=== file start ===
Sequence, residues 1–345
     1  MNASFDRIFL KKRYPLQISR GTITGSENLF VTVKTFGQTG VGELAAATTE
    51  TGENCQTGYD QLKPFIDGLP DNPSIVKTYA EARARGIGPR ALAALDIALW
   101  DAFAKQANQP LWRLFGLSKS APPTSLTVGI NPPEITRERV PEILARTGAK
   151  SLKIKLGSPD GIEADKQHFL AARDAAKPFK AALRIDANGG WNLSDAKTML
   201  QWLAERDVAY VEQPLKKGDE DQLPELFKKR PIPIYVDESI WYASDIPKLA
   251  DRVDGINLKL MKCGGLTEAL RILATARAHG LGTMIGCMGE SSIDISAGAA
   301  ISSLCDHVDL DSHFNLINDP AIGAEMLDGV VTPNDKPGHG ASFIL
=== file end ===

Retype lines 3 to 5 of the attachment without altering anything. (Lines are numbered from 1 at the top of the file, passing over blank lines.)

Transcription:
    51  TGENCQTGYD QLKPFIDGLP DNPSIVKTYA EARARGIGPR ALAALDIALW
   101  DAFAKQANQP LWRLFGLSKS APPTSLTVGI NPPEITRERV PEILARTGAK
   151  SLKIKLGSPD GIEADKQHFL AARDAAKPFK AALRIDANGG WNLSDAKTML